(372t) Using Water to Engage Community College Students and Increase Graduation Rates

Heldt, C. L., Michigan Technological University
Nwamba, C., Wayne County Community College
Radecki, B., Wayne County Community College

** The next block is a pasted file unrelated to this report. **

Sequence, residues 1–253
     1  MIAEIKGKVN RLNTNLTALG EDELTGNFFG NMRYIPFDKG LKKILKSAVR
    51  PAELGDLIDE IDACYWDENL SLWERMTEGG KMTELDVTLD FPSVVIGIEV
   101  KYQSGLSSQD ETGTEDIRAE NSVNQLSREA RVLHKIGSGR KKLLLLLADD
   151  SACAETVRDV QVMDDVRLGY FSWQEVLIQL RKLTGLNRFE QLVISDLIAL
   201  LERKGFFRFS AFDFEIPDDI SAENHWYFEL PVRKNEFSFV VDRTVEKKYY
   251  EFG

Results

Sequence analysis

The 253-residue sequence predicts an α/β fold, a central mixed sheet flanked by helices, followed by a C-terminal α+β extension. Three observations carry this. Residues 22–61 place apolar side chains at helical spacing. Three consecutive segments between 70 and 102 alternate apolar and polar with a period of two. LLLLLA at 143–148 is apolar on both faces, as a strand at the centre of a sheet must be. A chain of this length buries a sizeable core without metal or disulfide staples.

Community colleges are home to diverse populations of students. These students are often non-traditional students that have returned to school after many different experiences. Many of the students do not think of a community college degree as a gateway to engineering or other professional careers (Martin et al (2014) Community College Reviews). They view the community college as a technical training school that provides employment opportunities with a two-year degree. However, many of these students are capable and intrigued, but often intimidated, with the idea of receiving a four-year degree. In order to better serve the students that desire a four-year degree and to increase their knowledge of job opportunities with different four-year degrees, a research project was created between Michigan Tech and Wayne County Community College District. The community college students take weekly water samples over the course of a summer project and test the water for biological and chemical components. This is the first time these students have been exposed to an open-ended laboratory without known results. The students complete the 8-week session by creating a poster that demonstrates research they have conducted on the history of their river’s contamination and the experimental results they found. The outcome of this project is to determine if open-ended laboratory experiences increase the students’ likelihood of obtaining a four-year degree in a STEM field. This assessment is ongoing with five years of data comparing student educational outcomes between those that participated in the summer project to students that completed a biology or chemistry course at the same community college. The students who participated in the project were twice as likely to obtain a 4-year degree, obtain a 2-year degree or be enrolled in a 4-year program. This in-progress work demonstrates engagement of a diverse group of students in the Detroit metro area, including career preparation in science or engineering and a method to increase graduation rates for underrepresented minorities in STEM fields.